While there is no scientific support for the belief that bad things “come in threes,” in my first year at Cloverland, it seems to hold true. Last November’s storm knocked out power to thousands of our members over Thanksgiving. The New Year’s ice and windstorm caused interruptions to more than half our members. Now we are in the midst of a pandemic which has not been seen in a century.
Storm events come and go and the outcome can be dealt with swiftly with minor impact to our members. The COVID-19 pandemic holds many unknowns, making it difficult to determine how to manage it with any certainty. Unlike a storm, this pandemic does not allow us to send our tremendous crews into a ferocious storm to clear trees and restore power. The restoration of our communities and livelihoods for our members is certainly on the forefront of our minds.
To ensure your co-op could meet the challenges presented from the pandemic’s onset, we established an internal COVID-19 task force whose efforts continue daily. Focusing on the safety of our members and staff, we quickly implemented teleworking and social distancing protocols while providing safe and reliable service. We continue to monitor and adapt operations according to state and federal recommendations.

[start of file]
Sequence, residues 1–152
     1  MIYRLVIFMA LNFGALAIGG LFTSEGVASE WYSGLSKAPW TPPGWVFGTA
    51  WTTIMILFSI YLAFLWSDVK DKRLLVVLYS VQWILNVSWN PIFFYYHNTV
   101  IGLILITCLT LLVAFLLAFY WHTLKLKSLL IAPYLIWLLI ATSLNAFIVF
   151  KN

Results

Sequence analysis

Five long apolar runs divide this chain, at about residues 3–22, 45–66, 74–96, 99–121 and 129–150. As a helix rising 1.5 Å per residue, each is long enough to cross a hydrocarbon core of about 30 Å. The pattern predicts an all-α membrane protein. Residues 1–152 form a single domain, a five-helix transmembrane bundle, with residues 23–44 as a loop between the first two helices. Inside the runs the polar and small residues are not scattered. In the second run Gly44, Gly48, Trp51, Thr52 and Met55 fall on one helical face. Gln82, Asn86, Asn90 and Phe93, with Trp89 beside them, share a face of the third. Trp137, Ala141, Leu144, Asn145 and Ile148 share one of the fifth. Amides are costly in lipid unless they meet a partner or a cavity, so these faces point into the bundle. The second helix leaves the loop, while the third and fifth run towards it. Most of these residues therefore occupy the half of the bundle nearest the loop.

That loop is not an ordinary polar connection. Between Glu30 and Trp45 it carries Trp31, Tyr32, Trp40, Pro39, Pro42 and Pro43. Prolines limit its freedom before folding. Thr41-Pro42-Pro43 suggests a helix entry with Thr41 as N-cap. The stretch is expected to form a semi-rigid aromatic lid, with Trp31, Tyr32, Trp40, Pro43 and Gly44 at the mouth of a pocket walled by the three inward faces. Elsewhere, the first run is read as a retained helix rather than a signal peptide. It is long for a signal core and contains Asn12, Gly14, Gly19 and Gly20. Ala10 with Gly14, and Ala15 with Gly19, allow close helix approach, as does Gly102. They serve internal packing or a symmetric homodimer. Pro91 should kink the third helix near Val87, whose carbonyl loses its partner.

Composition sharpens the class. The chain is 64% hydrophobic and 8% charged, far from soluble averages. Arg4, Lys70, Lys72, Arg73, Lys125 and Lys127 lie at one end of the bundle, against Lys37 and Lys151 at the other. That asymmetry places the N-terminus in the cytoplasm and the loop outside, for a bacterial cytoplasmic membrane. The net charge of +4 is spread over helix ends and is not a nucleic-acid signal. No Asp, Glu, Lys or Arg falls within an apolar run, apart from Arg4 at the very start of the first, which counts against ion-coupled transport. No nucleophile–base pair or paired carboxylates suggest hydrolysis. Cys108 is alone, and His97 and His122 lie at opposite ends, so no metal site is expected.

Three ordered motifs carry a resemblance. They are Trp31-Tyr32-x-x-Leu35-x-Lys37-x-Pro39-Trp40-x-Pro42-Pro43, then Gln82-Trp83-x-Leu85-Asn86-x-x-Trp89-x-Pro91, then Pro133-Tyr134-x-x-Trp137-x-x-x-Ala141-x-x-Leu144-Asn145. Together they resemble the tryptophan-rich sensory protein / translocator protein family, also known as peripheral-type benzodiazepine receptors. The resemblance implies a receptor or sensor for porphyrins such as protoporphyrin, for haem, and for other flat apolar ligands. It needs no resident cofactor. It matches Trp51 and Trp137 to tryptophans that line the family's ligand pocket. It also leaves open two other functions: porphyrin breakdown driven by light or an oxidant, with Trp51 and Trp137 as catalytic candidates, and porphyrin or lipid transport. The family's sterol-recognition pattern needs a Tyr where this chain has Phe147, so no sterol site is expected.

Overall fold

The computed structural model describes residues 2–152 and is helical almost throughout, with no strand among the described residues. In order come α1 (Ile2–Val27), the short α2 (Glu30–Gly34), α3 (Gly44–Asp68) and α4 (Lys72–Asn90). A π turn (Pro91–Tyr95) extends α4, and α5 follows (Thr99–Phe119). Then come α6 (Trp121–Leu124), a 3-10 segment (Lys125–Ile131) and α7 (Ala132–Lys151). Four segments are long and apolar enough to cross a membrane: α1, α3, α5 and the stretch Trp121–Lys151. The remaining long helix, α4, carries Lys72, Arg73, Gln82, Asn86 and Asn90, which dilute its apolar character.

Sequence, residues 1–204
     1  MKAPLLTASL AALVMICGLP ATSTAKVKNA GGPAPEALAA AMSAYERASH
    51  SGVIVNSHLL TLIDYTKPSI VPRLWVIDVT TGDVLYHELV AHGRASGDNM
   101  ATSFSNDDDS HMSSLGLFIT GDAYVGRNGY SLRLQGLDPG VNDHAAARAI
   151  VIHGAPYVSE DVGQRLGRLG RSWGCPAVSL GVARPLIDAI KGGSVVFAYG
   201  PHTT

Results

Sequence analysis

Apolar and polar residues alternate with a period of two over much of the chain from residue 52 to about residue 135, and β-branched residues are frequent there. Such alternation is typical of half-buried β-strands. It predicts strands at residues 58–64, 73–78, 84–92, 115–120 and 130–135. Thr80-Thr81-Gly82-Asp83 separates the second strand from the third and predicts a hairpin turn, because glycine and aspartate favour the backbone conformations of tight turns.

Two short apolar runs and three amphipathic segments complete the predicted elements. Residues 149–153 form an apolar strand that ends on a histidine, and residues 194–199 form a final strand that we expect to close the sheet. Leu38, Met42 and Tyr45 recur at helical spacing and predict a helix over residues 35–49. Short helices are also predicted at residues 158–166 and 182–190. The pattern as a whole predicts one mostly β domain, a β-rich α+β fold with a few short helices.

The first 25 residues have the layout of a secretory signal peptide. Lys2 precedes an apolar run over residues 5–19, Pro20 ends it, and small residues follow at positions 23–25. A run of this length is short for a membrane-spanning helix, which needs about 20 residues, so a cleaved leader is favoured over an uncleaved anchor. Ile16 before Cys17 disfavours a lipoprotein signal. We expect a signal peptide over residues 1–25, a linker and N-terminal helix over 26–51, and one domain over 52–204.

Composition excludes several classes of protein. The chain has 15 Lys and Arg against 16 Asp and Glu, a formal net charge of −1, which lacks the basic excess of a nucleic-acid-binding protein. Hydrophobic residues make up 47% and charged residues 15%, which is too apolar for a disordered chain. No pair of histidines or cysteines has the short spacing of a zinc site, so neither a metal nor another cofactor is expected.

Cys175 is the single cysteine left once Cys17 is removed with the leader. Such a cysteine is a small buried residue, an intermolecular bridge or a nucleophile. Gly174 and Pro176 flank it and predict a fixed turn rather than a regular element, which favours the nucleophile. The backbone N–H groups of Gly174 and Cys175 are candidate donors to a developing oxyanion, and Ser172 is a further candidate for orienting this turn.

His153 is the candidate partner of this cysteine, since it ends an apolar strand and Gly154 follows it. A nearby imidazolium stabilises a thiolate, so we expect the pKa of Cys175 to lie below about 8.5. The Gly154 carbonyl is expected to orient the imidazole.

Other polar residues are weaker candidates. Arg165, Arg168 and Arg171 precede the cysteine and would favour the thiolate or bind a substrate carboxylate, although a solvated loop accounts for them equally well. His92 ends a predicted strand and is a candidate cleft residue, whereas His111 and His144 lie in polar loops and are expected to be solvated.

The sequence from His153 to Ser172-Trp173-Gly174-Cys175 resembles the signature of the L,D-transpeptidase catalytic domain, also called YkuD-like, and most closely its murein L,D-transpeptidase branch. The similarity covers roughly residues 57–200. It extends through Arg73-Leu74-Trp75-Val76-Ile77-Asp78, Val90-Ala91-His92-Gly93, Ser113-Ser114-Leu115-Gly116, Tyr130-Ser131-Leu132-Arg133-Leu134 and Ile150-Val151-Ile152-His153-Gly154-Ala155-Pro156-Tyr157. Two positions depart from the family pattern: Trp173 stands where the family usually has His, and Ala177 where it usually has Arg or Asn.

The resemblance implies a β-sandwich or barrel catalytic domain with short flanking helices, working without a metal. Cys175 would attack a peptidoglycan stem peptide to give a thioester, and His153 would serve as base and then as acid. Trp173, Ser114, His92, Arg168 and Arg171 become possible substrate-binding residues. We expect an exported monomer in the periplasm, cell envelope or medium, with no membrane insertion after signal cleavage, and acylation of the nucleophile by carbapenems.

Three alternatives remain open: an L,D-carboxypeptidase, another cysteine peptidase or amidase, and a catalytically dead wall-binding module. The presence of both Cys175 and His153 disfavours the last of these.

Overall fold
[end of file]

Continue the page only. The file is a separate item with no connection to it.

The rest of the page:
It has been Cloverland’s practice to follow state guidelines for disconnecting services for non-payment (traditionally April 15). As that date rapidly approached, Cloverland extended the disconnect of services for non-payment until at least April 30 to align with the President’s social distancing directive. Shortly after that extension, Cloverland modified the date through the end of May as the pandemic showed no signs of letting up, and the Governor’s Executive Orders for social distancing were expanded.
As a not-for-profit electric co-op, our rates are designed to keep costs low for our members, yet still allow us to meet minimum borrowing requirements after subtracting operating costs. It means our margins (or “profit” for investor-owned utilities) are typically minimal. Despite the challenge, staff is working closely with MECA, NRECA, MPSC, USDA/RUS, and state and federal representatives to identify every available resource to help members impacted by this pandemic. We are working closely with our board of directors to monitor developments and seek opportunities to balance our financial requirements with those of our members.
To get through this challenging time, it will require efforts by all. If it is difficult to pay your electric bill, I urge you to contact our member services team (Monday through Friday, 8 a.m. to 4:30 p.m. at (800) 562-4953 to discuss flexible payment options and resources for assistance. Recently, President Trump signed a $2 trillion-dollar package providing financial support to those impacted by COVID-19. Cloverland published guidance for those in need through our website, social media channels, and member services team. We will continue to refine guidance as additional programs become available. It is important that members who have an immediate need utilize available government programs first. If possible, consider making partial payments on your balance to avoid a large multi-month balance when the pandemic subsides.
This COVID-19 pandemic came with no playbook, yet working together in true co-op spirit, we will get through this unprecedented time in our history. I am proud to serve all 33,500 members of our co-op and thank you for your continued understanding and support.
Michael (Mike) Heise